4.4. Production of Methacrylic Acid from Ethylene

Beyond the dominant processes previously described, other alternative methods exist for methacrylic acid production. Methacrylic acid can be prepared by the condensation of formaldehyde with propionic acid or by the condensation of formaldehyde with propanal to form methacrolein, which is then oxidized to methacrylic acid.

BASF has commercialized a process based on the condensation of formaldehyde with propanal, using ethylene, synthesis gas, and formaldehyde as feedstocks. Their plant, which has been operational since 1990, has a production capacity of 40,000 metric tons per year.

In the BASF process, ethylene is hydroformylated to propanal, which undergoes condensation with formaldehyde to form methacrolein. Methacrolein is catalytically oxidized by air to methacrylic acid.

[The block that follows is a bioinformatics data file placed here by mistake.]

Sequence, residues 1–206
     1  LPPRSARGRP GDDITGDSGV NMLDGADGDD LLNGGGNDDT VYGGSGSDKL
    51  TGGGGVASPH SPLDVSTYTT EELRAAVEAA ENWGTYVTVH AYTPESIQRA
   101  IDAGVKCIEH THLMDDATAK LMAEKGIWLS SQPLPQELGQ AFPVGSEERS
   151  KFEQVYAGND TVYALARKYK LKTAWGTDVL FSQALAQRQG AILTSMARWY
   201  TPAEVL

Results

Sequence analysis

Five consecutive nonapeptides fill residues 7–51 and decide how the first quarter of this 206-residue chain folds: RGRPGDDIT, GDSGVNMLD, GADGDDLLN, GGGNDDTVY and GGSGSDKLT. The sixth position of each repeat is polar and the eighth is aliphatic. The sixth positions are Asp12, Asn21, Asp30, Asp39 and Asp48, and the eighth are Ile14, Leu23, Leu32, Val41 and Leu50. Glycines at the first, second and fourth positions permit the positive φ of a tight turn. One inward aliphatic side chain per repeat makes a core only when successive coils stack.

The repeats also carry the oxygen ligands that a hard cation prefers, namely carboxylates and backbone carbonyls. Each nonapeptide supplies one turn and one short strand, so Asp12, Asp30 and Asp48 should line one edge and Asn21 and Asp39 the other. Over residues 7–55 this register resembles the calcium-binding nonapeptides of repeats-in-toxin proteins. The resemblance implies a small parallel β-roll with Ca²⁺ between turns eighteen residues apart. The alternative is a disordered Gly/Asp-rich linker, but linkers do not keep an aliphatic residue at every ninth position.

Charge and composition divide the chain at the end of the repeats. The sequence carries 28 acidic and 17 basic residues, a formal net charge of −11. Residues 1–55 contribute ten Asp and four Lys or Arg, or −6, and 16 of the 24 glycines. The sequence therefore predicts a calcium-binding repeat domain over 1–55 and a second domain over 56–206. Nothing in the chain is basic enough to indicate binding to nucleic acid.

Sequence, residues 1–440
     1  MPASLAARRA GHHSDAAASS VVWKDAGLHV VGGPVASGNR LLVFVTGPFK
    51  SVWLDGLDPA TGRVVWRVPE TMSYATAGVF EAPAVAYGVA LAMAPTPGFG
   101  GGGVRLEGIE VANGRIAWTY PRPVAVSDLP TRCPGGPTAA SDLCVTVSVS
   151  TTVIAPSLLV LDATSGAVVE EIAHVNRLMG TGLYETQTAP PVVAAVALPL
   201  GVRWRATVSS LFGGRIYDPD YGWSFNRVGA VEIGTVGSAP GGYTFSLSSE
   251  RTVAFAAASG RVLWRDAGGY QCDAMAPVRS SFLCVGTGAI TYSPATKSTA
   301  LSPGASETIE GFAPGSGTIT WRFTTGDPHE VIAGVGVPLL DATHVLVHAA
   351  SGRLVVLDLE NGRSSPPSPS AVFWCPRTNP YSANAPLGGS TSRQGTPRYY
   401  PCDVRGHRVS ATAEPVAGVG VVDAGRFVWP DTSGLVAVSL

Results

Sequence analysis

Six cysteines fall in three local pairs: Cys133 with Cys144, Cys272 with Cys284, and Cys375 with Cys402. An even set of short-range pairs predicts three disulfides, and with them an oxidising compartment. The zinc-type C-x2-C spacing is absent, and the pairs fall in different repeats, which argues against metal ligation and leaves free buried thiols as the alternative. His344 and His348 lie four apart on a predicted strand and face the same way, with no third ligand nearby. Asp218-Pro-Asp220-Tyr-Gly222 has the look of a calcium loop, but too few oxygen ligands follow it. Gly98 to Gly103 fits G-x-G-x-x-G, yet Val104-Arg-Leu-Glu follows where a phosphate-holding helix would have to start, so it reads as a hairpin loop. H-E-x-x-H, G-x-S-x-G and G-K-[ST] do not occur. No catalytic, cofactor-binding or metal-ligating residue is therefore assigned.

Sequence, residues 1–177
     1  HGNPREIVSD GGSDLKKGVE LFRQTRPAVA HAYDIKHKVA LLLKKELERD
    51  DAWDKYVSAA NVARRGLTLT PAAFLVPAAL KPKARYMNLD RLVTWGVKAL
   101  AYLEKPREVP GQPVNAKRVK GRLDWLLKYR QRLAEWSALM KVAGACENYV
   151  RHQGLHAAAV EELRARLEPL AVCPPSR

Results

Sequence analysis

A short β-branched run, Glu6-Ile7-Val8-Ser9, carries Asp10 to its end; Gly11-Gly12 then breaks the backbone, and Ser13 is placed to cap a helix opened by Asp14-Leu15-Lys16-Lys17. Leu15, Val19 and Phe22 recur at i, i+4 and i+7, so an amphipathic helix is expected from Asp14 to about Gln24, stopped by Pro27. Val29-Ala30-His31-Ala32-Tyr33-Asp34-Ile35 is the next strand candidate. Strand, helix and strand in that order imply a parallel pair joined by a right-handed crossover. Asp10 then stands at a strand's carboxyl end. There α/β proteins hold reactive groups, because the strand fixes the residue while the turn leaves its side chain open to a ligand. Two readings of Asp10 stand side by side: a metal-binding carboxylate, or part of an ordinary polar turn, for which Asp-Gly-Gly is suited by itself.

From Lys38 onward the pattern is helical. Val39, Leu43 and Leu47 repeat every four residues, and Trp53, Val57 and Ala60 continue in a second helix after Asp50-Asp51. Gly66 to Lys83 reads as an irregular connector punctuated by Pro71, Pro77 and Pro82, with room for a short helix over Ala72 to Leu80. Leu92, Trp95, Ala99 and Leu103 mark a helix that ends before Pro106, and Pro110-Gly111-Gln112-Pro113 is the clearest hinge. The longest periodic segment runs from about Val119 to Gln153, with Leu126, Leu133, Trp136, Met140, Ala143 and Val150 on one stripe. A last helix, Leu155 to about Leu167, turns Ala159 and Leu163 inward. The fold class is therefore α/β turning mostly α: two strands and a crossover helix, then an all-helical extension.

Production of Methacrylic Acid from Ethylene

An alternative process is proposed that involves the oxidation of propanal to propionic acid, followed by its condensation with formaldehyde to directly produce methacrylic acid.

5. Uses of Methacrylic Acid

Methacrylic acid is used to prepare a wide range of polymers, including methacrylates, and to produce its esters. These polymers provide water-clear, tough plastics that are used in sheet form in glazing, signs, displays, and lighting panels.

By molding polymer pellets, automotive lighting lenses and similar products can be prepared.

Higher methacrylate polymers are used in the manufacture of oil additives, solventless inks and coatings, and binders for xerography.